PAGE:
Jakob Kunz

Jakob Kunz was born in Brittnau, Switzerland, on November 3rd, 1874. He was educated in the public schools there until he attended Zurich Polytechnikum, where he gained both his B.S. and Ph.D.
Department portrait of Jakob Kunz, signed by him, University of Illinois,  date unknown.
After serving in various universities and laboratories abroad, Kunz came to United States in 1908. He worked at the University of Michigan for one year before being offered the role of assistant professor of mathematical physics at the University of Illinois, where he remained for the rest of his life, working up through associate professor to professor.

For years Kunz was practically solely responsible for the whole of graduate courses in mathematical physics. However, he never taught undergraduate courses, with friends noting that he probably did not like the “immature and almost passive attitude” of American undergraduate students.

Kunz was renown for his clear and thorough lectures on classical theoretical physics, but he never reconciled to more “modern” notions as could be found in relativity and quantum mechanics. Indeed, a colleague noted “as he was himself thoroughly familiar with the mathematical structure of these theories, his objections and criticisms were occasionally very penetrating; and indeed troublesome to any who had a tendency to accept them on faith or authority”.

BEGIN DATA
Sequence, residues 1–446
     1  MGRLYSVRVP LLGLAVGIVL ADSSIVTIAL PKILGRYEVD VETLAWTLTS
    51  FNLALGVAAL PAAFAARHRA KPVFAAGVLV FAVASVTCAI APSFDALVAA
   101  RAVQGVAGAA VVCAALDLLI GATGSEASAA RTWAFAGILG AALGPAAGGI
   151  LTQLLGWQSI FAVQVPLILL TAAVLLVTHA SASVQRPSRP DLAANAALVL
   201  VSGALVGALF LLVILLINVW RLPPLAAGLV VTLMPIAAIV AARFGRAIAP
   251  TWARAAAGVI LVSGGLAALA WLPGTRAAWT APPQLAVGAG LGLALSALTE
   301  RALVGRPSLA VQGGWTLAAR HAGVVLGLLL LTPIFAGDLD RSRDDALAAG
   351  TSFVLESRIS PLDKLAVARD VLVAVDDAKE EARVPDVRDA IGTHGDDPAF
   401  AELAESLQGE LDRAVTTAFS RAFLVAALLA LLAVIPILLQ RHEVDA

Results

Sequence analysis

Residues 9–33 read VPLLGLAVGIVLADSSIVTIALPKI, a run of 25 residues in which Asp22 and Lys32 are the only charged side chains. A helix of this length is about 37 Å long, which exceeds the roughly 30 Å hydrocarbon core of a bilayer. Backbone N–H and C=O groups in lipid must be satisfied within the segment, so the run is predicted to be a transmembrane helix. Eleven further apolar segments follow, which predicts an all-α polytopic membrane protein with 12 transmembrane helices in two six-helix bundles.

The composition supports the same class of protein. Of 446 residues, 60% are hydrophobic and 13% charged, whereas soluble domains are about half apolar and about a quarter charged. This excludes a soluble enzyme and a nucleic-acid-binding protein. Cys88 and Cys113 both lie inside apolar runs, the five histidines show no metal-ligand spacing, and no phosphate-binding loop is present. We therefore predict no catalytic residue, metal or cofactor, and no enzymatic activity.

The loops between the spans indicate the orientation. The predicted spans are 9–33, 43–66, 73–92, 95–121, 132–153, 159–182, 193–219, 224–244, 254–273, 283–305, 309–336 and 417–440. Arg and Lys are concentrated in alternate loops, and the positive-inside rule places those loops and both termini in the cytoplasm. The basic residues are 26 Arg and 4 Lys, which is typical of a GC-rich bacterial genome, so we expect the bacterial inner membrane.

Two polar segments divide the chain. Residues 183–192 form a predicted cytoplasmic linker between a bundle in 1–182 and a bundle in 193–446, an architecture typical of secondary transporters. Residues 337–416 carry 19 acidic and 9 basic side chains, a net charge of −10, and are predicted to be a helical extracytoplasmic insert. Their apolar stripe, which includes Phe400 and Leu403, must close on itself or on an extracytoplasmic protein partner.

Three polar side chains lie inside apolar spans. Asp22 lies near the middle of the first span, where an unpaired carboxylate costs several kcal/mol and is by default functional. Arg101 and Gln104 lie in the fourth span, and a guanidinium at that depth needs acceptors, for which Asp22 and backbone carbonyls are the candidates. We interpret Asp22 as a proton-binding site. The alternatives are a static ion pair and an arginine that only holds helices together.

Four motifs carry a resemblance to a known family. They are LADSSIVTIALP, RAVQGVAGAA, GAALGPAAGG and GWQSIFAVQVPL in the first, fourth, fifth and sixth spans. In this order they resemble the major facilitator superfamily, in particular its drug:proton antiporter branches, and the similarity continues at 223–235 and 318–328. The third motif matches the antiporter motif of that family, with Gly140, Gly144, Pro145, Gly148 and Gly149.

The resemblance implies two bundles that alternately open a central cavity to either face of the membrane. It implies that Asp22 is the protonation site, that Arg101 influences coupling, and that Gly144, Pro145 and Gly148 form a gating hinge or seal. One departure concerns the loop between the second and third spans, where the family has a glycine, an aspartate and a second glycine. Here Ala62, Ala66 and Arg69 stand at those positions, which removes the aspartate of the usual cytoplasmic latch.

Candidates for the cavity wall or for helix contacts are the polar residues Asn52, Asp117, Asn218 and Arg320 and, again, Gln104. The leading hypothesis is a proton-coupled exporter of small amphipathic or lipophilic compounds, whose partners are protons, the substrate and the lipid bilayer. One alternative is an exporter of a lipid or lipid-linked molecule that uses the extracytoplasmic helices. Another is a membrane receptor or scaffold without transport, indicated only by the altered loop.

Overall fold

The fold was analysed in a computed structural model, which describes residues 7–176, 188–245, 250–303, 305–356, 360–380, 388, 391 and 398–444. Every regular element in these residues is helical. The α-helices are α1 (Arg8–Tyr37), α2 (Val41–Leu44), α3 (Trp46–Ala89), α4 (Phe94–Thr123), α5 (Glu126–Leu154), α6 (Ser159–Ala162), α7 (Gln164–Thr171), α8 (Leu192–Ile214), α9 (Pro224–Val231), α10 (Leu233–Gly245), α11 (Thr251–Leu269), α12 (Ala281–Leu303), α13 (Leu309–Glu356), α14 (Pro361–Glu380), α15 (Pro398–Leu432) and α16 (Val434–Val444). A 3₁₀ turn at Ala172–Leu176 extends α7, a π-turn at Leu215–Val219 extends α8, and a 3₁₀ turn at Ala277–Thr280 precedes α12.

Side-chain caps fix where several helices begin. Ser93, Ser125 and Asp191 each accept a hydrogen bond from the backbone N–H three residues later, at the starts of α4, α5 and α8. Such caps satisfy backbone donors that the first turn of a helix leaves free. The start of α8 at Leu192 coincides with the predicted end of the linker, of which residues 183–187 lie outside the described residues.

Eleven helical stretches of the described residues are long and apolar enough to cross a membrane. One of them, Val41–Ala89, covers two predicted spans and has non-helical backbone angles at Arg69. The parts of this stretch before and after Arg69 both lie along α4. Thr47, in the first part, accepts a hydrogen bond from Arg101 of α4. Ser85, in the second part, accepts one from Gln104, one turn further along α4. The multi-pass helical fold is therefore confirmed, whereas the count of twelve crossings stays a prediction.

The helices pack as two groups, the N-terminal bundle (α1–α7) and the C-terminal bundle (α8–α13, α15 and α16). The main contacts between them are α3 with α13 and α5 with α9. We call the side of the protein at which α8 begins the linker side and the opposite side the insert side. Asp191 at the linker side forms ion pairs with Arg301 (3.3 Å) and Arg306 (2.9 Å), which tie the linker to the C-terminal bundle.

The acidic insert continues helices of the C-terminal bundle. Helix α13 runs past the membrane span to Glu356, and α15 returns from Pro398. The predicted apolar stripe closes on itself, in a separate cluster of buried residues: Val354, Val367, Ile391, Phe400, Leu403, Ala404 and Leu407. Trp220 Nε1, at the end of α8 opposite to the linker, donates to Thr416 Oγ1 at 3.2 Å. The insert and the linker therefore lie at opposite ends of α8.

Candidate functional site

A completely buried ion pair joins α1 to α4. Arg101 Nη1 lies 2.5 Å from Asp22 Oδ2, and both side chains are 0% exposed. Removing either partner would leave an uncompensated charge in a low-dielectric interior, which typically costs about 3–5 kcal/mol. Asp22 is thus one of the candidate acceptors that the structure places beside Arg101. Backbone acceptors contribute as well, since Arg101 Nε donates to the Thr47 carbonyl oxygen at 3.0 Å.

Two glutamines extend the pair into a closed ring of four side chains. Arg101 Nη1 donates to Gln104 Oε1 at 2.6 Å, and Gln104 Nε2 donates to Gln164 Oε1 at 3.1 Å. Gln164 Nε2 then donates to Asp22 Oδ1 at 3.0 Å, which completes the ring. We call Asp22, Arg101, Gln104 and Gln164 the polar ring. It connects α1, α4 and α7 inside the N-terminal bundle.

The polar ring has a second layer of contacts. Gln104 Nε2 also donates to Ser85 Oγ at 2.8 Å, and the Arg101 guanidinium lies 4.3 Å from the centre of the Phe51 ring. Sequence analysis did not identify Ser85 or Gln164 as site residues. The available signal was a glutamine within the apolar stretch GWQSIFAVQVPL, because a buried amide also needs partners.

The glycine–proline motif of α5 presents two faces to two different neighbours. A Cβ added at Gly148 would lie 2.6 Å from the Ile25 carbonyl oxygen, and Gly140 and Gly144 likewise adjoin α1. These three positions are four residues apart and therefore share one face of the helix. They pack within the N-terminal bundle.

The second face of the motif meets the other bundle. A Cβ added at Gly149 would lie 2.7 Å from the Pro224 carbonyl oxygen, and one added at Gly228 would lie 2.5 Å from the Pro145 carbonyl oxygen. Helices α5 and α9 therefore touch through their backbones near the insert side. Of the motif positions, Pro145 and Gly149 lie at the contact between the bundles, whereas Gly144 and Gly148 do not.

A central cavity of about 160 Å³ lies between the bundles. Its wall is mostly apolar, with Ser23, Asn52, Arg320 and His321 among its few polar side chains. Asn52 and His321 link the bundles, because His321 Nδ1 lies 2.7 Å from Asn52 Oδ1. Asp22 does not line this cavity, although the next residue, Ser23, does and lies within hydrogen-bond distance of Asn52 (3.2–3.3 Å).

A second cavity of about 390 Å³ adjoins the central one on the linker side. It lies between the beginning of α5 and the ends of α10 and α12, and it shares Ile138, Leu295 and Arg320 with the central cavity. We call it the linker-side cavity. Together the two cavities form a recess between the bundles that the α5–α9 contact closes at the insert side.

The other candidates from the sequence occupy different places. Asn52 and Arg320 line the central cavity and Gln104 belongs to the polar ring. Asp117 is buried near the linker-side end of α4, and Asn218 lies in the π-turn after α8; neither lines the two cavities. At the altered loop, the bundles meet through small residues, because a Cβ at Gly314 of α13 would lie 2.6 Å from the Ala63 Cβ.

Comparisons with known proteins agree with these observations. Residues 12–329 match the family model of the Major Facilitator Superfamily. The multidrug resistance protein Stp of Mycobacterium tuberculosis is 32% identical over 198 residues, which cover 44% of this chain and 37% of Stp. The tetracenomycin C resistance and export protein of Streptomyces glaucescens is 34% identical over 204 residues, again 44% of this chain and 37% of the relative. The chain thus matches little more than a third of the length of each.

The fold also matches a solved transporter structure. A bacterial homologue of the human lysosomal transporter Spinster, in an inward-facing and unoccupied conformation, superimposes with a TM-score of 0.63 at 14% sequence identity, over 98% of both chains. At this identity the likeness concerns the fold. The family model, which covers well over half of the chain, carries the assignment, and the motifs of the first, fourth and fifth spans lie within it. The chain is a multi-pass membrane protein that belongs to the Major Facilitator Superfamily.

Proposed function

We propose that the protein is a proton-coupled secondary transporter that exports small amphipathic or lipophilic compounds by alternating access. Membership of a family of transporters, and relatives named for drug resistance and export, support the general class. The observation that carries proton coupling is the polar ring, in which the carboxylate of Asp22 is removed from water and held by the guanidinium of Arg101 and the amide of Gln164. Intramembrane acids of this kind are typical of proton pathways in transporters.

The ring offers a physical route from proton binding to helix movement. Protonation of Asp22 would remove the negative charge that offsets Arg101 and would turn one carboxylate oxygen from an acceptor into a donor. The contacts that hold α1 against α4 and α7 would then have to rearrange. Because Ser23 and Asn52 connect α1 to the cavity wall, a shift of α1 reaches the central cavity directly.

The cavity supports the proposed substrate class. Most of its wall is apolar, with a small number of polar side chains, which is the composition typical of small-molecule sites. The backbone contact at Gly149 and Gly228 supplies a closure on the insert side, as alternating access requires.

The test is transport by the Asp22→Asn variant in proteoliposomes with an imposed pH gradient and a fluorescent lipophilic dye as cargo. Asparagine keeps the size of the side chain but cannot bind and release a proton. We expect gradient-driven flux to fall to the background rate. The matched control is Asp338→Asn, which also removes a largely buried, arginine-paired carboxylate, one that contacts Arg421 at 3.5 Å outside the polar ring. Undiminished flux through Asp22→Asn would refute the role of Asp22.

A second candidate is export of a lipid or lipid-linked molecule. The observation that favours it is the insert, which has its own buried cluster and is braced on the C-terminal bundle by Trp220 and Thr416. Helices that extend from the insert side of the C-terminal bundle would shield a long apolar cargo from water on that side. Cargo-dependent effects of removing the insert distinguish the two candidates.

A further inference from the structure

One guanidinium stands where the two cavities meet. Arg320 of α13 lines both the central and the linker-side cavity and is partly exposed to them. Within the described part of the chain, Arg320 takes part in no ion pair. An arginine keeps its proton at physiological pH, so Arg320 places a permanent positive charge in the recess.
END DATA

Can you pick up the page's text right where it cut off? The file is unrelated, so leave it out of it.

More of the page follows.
However, Kunz is most famous for his work with photoelectric cells. Photoelectric cells are devices whose electrical characteristics (voltage, etc) vary when subjected to light. Being among the first to work with them in the country, he developed a specially sensitized alkali photoelectric cell. This cell, free from dark current, was far superior for certain astronomical purposes than anything else available at the time. An example of such astronomical purposes was studying the intensity of the sun’s corona during an eclipse.
Kunz was enthusiastic about many subjects, and often attended seminars conducted in the fields of chemistry, mathematics, and engineering. Though often in poor health during the last part of his life, he maintained an active presence in both teaching and research up until a few weeks before his death on July 18th, 1938.
Works Cited:

Loomis, F.W. (1938). “Jakob Kunz”. Obituary Draft. Found in University Archives Series No. 11/10/ 25, Box 2.

“Portrait of Jakob Kunz” (Unknown). Found in University Archives Series No. 11/10/ 25, Box 2.